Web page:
, Volume 12, Issue 5, pp 318-326
Date: 22 Oct 2007

Proteasome inhibitor, bortezomib, for myeloma and lymphoma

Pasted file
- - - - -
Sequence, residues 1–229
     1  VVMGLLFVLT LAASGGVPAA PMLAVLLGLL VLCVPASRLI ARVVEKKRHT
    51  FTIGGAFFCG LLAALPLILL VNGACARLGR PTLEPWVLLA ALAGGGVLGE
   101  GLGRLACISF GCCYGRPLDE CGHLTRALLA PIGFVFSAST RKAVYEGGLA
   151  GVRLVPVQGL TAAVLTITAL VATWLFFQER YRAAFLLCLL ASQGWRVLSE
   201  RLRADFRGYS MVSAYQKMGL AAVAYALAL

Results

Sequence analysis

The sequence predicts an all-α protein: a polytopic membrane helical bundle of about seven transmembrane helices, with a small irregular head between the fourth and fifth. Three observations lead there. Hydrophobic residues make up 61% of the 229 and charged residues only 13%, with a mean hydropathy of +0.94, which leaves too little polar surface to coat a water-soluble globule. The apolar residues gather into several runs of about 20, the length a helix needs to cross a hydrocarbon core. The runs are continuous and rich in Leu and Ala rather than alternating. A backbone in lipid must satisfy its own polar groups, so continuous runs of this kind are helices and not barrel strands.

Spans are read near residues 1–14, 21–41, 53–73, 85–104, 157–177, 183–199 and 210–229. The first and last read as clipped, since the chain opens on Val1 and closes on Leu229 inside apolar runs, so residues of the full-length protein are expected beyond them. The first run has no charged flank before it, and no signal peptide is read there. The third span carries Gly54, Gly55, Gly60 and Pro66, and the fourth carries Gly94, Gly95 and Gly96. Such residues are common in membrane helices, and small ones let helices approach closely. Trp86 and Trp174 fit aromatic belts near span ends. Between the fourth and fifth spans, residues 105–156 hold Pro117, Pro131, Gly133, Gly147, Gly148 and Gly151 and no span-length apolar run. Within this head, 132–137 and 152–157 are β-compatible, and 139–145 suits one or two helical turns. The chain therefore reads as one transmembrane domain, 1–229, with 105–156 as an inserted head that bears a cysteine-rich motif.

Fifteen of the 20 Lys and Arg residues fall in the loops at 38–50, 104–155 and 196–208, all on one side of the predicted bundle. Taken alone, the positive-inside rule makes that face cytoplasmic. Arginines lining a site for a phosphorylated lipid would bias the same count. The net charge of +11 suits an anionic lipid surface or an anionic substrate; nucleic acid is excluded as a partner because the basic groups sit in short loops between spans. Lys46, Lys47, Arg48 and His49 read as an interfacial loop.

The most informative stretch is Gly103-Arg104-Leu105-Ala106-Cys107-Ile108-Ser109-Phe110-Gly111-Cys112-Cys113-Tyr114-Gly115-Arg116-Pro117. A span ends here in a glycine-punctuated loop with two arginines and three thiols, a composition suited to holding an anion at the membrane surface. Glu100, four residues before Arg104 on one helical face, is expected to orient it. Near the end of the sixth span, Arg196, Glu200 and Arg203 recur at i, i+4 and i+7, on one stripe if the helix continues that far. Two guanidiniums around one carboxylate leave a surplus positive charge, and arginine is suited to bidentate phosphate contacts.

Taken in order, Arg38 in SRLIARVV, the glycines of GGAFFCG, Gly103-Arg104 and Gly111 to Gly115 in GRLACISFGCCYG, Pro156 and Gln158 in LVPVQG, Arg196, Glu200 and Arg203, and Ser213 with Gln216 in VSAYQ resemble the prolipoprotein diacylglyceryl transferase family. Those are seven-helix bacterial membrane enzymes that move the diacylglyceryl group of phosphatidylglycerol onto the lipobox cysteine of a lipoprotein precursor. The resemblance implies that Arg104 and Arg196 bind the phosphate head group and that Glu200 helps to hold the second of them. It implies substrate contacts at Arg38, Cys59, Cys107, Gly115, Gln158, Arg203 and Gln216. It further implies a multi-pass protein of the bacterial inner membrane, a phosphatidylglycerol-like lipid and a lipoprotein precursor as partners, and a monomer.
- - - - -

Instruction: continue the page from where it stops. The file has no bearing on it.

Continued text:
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Bortezomib, a boronic acid, is a potent and selective proteasome inhibitor. The 20S proteasome is an enzyme complex present in cells, and it degrades many cell-cycle control factors, signal transduction factors, transcription factors, and oncogene and anti-oncogene products, thus controlling cell proliferation, differentiation, and apoptosis. Bortezomib is a novel molecular targeting agent which was designed to exhibit an antitumor effect by selectively inhibiting the 20S proteasome. Multiple myeloma is one of the incurable B-cell malignancies that continues to relapse with current treatment modalities, and the duration to progression becomes shorter in patients who repeatedly receive chemotherapy. There are no available treatment options in which durable efficacy can be expected after relapse; therefore, an effective therapy with a novel mechanism of action has been desired. In this review article, the results of clinical trials of bortezomib for multiple myeloma, including a Japanese phase I/II and pharmacokinetic/pharmacodynamic study, and those for non-Hodgkin lymphoma, especially for mantle cell lymphoma, are summarized. In the Japanese phase I/II study of bortezomib for relapsed multiple myeloma, this agent showed remarkable efficacy, with acceptable toxicities and unique pharmacokinetic/pharmacodynamic profiles, warranting further investigations, including more relevant administration schedules.